We have explained in our article
Biblical Formatting located on the world wide web at
that the Biblical Author indicates bold, italics, underline by using
repetition. In other words if a modern author wanted to emphasize
a word they would either underline, bold or italicize it. However when the Biblical
author wishes to emphasize a word He repeats it. The effect - whether
thru repetition or using underline - is the same. It is only the
means of conveying this emphasis that is different.
In applying this repetition rule we
often employ a principle of the Malbim which states If after using a noun the Bible repeats the noun instead of using a pronoun then this repetition is treated like other repetitions indicating unspecified emphasis.
Notice the repeated words blood or its blood in the following passages:
- Lv01-05 states
And he shall kill the bull before the Lord; and the priests, the sons of Aaron,
shall bring the blood, and sprinkle the blood around upon the altar that is by the door of the Tent of Meeting.
And he shall lay his hand upon the head of his offering, and kill it before the Tent of Meeting; and the sons of Aaron shall sprinkle its blood around upon the altar....
And he shall lay his hand upon the head of it, and kill it before the Tent of Meeting; and the sons of Aaron shall sprinkle its blood upon the altar around.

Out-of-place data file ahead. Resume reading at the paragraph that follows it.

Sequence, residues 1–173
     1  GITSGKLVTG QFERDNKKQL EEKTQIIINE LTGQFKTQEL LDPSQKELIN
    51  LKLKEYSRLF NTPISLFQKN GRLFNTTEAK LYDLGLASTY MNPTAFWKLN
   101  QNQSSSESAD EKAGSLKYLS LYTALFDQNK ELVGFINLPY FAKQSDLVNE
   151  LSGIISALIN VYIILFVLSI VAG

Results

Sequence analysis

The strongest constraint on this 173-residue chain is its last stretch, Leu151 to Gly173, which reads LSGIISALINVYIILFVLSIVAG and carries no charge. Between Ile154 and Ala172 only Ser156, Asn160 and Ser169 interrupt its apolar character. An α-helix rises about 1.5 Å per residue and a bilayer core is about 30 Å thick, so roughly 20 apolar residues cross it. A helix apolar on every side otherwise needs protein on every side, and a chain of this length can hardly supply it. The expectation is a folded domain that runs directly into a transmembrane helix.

[Note: In another Rashi digest, when dealing with the alignment rule, we have shown that the Bible, by contrastively writing
the blood vs. its blood indicates that the use of its in its blood is intentional. That is the alignment highlights the repetition.]
We can translate the Lv03-8,13 verses as ...he shall sprinkle only its blood
... Such an emphasis indicates that only its blood can be sprinkled. However if the blood of the offering got mixed up with bloods of other offerings then we don't offer it.
We can translate the Lv01-05 verse as ...he shall sprinkle any blood ... Such an emphasis indicates the blood is sprinkled even if it was mingled with other blood.
The actual law, cited by Rashi, combines these two unspecified emphasii:
If the blood of two valid offerings were accidentally mixed up then the mixed blood may be thrown and the owners of both sacrifices
achieve expiation. By contrast, if the blood of a valid and invalid offering were accidentally mixed up then both offerings become
invalid. Each sacrifice owner must bring another sacrifice to replace their sacrifice which had become invalid.
To recap: There is a dual emphasis - only its blood but also any blood. We resolve this
contradiction by allowed mixed valid bloods to be offered on the altar but not a mixture of valid and invalid blood.